by Vladimir Nabokov | Literature & Fiction |
ISBN: 0141182539 Global Overview for this book
Registered by beaulivre of Sydney, New South Wales Australia on 3/14/2005
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2 journalers for this copy...
Journal Entry 1 by beaulivre from Sydney, New South Wales Australia on Monday, March 14, 2005
I loved this novel! The language is amazing. Nabokov plays with words and sounds and it is so sensual and poetic. It's both funny and tragic. Humbert Humbert is one of those characters who does terrible things but is incredibly attractive. And Lolita, Dolores Haze, herself is so memorable. The opening paragraph always makes me gasp:

Lolita, light of my life, fire of my loins. My sin, my soul.
Lo-lee-ta: the tip of my tongue taking a trip of three steps
down the palate to tap, at three, on the teeth. Lo. Lee. Ta.

It's wonderful.

20th March 2005 - I've promised this one to hatter and will pass it on to her later this week.

Journal Entry 2 by hatter from Adelaide, South Australia Australia on Thursday, March 31, 2005
Thanks for passing this one on to me beaulivre. I've been meaning to read it for ages, I have a long list of 'classics' that everyone but me has read!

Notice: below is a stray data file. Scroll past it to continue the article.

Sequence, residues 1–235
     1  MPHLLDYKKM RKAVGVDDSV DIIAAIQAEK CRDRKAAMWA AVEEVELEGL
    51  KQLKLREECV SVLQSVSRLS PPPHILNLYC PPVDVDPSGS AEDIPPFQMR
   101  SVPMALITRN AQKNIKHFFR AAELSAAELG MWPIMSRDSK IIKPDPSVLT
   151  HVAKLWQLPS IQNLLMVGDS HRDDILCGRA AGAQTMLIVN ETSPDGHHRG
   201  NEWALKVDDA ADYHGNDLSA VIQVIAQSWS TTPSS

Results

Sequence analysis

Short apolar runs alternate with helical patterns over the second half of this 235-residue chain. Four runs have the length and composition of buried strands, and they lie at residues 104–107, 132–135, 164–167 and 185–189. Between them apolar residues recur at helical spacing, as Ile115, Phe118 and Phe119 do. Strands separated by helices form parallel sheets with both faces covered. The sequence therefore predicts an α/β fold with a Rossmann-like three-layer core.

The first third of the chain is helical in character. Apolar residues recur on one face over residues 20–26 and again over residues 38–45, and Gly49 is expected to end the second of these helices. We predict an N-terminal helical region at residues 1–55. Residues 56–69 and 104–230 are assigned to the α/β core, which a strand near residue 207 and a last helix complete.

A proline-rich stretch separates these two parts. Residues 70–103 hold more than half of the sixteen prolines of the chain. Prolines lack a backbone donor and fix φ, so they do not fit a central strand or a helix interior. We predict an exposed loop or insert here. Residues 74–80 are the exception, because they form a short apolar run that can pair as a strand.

Will let you know how I go with it.

Journal Entry 3 by hatter from Adelaide, South Australia Australia on Monday, April 18, 2005
beaulivre you're right, the language is beautiful, but I had trouble reconciling that with some of the content. No matter how poetic you make it, an old guy lusting after, and raping, a little girl is still just that. I get why this book is so good, but most of the time it just made me feel uncomfortable or sad.

It was strangely comforting when towards the end of the book the narrator admits to having 'broken' something in Lolita (I can't find the reference, but it's something like that). He writes of depriving her of her childhood, and acknowledges what it did to her. That somehow made it easier to read. Not alright, but it meant the book wasn't taking the line 'she seduced me', though he says that earlier in the book. At that earlier point I wanted to yell at the narrator and tell him it's never ok. A child is vulnerable, and it's his responsibility as an adult to look after her and act properly, not take advantage of her.

As you can see, I had trouble separating reality from my fiction.

Journal Entry 4 by hatter at David Jones, Rundle Mall in Adelaide, South Australia Australia on Tuesday, August 02, 2005

Released 13 yrs ago (8/2/2005 UTC) at David Jones, Rundle Mall in Adelaide, South Australia Australia



Somewhere down there, I haven't decided yet.

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